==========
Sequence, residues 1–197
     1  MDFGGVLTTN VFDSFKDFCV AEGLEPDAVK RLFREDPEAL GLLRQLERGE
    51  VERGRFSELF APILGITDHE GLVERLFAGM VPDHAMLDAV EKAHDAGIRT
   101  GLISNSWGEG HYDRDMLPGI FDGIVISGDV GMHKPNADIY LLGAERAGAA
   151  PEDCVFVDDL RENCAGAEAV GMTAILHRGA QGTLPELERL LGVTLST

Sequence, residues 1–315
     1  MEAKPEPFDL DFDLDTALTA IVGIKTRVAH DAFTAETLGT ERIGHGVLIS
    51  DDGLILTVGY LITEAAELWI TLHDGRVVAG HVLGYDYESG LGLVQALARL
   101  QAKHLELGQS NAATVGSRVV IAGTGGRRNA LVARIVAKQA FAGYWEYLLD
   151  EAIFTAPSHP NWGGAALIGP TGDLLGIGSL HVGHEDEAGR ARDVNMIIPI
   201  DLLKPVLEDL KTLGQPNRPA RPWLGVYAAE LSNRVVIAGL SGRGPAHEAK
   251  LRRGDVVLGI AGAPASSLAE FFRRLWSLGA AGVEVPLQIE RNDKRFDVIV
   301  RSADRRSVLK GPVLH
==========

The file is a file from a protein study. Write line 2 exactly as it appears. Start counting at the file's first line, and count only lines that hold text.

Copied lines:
     1  MDFGGVLTTN VFDSFKDFCV AEGLEPDAVK RLFREDPEAL GLLRQLERGE